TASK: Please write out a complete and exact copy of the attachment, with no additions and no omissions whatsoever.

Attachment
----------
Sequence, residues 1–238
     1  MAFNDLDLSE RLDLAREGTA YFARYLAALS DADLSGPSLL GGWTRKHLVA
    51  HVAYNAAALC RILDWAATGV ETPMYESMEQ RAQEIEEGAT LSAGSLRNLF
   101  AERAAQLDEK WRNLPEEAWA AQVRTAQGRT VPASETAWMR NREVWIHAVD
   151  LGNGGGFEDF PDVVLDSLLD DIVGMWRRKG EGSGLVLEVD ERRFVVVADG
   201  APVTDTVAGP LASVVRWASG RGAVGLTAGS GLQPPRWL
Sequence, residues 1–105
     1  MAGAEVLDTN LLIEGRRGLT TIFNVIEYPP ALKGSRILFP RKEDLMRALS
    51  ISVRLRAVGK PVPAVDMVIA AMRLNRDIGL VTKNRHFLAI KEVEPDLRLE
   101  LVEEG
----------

Sequence, residues 1–238
     1  MAFNDLDLSE RLDLAREGTA YFARYLAALS DADLSGPSLL GGWTRKHLVA
    51  HVAYNAAALC RILDWAATGV ETPMYESMEQ RAQEIEEGAT LSAGSLRNLF
   101  AERAAQLDEK WRNLPEEAWA AQVRTAQGRT VPASETAWMR NREVWIHAVD
   151  LGNGGGFEDF PDVVLDSLLD DIVGMWRRKG EGSGLVLEVD ERRFVVVADG
   201  APVTDTVAGP LASVVRWASG RGAVGLTAGS GLQPPRWL
Sequence, residues 1–105
     1  MAGAEVLDTN LLIEGRRGLT TIFNVIEYPP ALKGSRILFP RKEDLMRALS
    51  ISVRLRAVGK PVPAVDMVIA AMRLNRDIGL VTKNRHFLAI KEVEPDLRLE
   101  LVEEG